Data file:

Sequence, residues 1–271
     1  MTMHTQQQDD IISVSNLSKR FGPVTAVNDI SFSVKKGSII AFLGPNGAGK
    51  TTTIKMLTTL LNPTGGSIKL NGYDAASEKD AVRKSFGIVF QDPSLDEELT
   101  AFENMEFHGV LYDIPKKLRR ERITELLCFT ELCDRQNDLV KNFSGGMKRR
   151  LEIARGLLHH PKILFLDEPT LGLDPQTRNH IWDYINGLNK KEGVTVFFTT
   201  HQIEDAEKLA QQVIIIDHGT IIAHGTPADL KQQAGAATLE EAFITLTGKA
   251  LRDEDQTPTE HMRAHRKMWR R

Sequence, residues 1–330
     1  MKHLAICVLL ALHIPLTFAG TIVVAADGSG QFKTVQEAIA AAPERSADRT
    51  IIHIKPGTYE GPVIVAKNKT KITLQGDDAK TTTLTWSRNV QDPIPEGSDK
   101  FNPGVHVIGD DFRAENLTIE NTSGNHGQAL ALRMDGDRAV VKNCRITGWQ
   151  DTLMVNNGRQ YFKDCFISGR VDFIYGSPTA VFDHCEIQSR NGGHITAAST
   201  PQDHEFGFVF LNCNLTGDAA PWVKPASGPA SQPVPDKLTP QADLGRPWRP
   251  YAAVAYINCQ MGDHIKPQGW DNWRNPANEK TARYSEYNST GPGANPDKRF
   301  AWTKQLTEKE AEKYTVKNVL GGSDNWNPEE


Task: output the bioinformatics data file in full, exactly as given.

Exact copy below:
Sequence, residues 1–271
     1  MTMHTQQQDD IISVSNLSKR FGPVTAVNDI SFSVKKGSII AFLGPNGAGK
    51  TTTIKMLTTL LNPTGGSIKL NGYDAASEKD AVRKSFGIVF QDPSLDEELT
   101  AFENMEFHGV LYDIPKKLRR ERITELLCFT ELCDRQNDLV KNFSGGMKRR
   151  LEIARGLLHH PKILFLDEPT LGLDPQTRNH IWDYINGLNK KEGVTVFFTT
   201  HQIEDAEKLA QQVIIIDHGT IIAHGTPADL KQQAGAATLE EAFITLTGKA
   251  LRDEDQTPTE HMRAHRKMWR R

Sequence, residues 1–330
     1  MKHLAICVLL ALHIPLTFAG TIVVAADGSG QFKTVQEAIA AAPERSADRT
    51  IIHIKPGTYE GPVIVAKNKT KITLQGDDAK TTTLTWSRNV QDPIPEGSDK
   101  FNPGVHVIGD DFRAENLTIE NTSGNHGQAL ALRMDGDRAV VKNCRITGWQ
   151  DTLMVNNGRQ YFKDCFISGR VDFIYGSPTA VFDHCEIQSR NGGHITAAST
   201  PQDHEFGFVF LNCNLTGDAA PWVKPASGPA SQPVPDKLTP QADLGRPWRP
   251  YAAVAYINCQ MGDHIKPQGW DNWRNPANEK TARYSEYNST GPGANPDKRF
   301  AWTKQLTEKE AEKYTVKNVL GGSDNWNPEE